Legal expert Andrew Roman digs deep into the bombshell report on the SNC-Lavalin affair issued by Canada’s Ethics Commissioner, Mario Dion, and criticisms of that report by Errol Mendes, a professor of constitutional and international law at the University of Ottawa. Who was right, who was wrong? Read on.
See no evil: How Canada is bankrolling companies accused of bid-rigging, graft and human-rights violation
A Globe and Mail investigation of Export Development Canada (EDC) reveals “a pattern of secrecy and lax supervision”. Probe International’s Patricia Adams says EDC is an unaccountable “institution out of control”.
Here’s what you need to know about the most powerful financial institution you almost never hear about.
Export Development Canada responds to Probe International’s inquiry regarding allegations of bribery related to its support of SNC-Lavalin’s Matala Dam project in Angola. Not a reassuring read. According to EDC, we the […]
The news EDC is to investigate allegations that its support of SNC-Lavalin’s Matala Dam project in Angola was used to pay bribes has us on pins and needles. How thorough will the investigation be? Will we ever learn the results?
What the SNC board may have known about the firm’s dealings in Libya — like the office safe with $10M cash
High-paid former directors could face tough questions if SNC-Lavalin bribery trial goes ahead. “What’s your role on the board if not to protect the corporation from acts of bribery and from doing things that are illegal?” asks Patricia Adams of Probe International.
Legal expert Andrew Roman joins host Vassy Kapelos on Power & Politics (CBC News) to provide legal analysis of the SNC-Lavalin case.
Export Development Canada launches review of 2011 deal with engineering company. This CBC News report includes comments from Patricia Adams of Probe International who says if there’s any truth to the allegations EDC money was used for bribes, it implicates all Canadians: “[EDC] operates on the Queen’s credit card. That means that it operates on our credit cards.”
Patricia Adams, economist and executive director at Probe International, joins BNN Bloomberg to discuss why she thinks SNC-Lavalin must go through a criminal probe if Canadians are “ever to know who did what” in the case.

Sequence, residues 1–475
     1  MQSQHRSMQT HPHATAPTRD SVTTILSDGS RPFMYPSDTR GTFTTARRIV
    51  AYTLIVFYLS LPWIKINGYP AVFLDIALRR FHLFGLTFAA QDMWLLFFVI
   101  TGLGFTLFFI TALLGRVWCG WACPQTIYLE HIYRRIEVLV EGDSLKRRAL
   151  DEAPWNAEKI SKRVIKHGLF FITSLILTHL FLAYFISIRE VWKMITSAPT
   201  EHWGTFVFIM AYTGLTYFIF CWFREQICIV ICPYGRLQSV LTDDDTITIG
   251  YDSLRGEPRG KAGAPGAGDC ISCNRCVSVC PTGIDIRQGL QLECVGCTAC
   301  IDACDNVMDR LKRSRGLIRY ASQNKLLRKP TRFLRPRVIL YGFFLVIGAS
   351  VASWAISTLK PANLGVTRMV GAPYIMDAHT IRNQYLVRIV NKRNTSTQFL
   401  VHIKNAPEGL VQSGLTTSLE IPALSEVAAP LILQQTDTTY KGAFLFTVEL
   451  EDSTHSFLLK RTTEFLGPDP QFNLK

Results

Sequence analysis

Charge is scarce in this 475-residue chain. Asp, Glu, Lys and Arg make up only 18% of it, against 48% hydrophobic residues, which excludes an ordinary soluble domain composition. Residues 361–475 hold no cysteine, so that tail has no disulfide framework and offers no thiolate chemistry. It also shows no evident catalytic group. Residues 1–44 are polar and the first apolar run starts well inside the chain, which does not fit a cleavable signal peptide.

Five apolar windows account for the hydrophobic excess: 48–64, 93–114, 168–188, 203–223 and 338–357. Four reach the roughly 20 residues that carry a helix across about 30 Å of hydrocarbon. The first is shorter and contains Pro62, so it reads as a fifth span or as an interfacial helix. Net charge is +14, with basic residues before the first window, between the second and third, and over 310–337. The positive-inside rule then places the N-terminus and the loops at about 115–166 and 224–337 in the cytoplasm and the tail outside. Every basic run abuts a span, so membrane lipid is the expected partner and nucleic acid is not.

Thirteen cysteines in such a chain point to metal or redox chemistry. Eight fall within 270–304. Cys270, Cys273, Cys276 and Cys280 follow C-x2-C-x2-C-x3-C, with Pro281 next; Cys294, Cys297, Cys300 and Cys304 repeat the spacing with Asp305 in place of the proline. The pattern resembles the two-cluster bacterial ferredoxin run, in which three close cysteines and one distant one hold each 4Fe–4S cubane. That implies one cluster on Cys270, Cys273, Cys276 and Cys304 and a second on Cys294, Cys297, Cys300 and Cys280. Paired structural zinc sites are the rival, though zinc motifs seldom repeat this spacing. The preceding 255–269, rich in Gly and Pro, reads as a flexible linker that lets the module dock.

The Prime Minister‘s real message was: “You can either do what I want or you can do what you want. The decision is yours.” Third in a series on the SNC-Lavalin controversy by Andrew Roman.
Did the Prime Minister’s Office panic over SNC-Lavalin’s story of impeding doom? Or did they have real numbers showing the future effects of a criminal prosecution? Second in a series by Andrew Roman.
DPAs don’t cut it, says Patricia Adams of Probe International. A trial here or elsewhere would not only expose who knew what and when within the firm; it would also expose who in government might have been involved.
The recent controversy between Prime Minister Justin Trudeau and former Attorney General Jody Wilson-Raybould over the prosecution of SNC-Lavalin has been front-page news for days. Was this a casual conversation or improper interference with the administration of justice? This blog post by former lawyer Andrew Roman discusses the issues from a legal standpoint. The bottom line: there is no law prohibiting either of them from speaking publicly about their conversation.
Canada has come full circle, with prosecution of corporate crimes again determined by politics. Read the latest from Probe International’s Patricia Adams on SNC-Lavalin in today’s National Post opinion.
What are deferred prosecution agreements (or remediation agreements), how did Canada get them, what are the potential benefits and what are the down sides? Patricia Adams of Probe International is firmly in the latter camp: “… they turn the prosecutor into the prosecutor, the judge and the jury. Because of that they are undermining the rule of law — they are essentially political instruments.”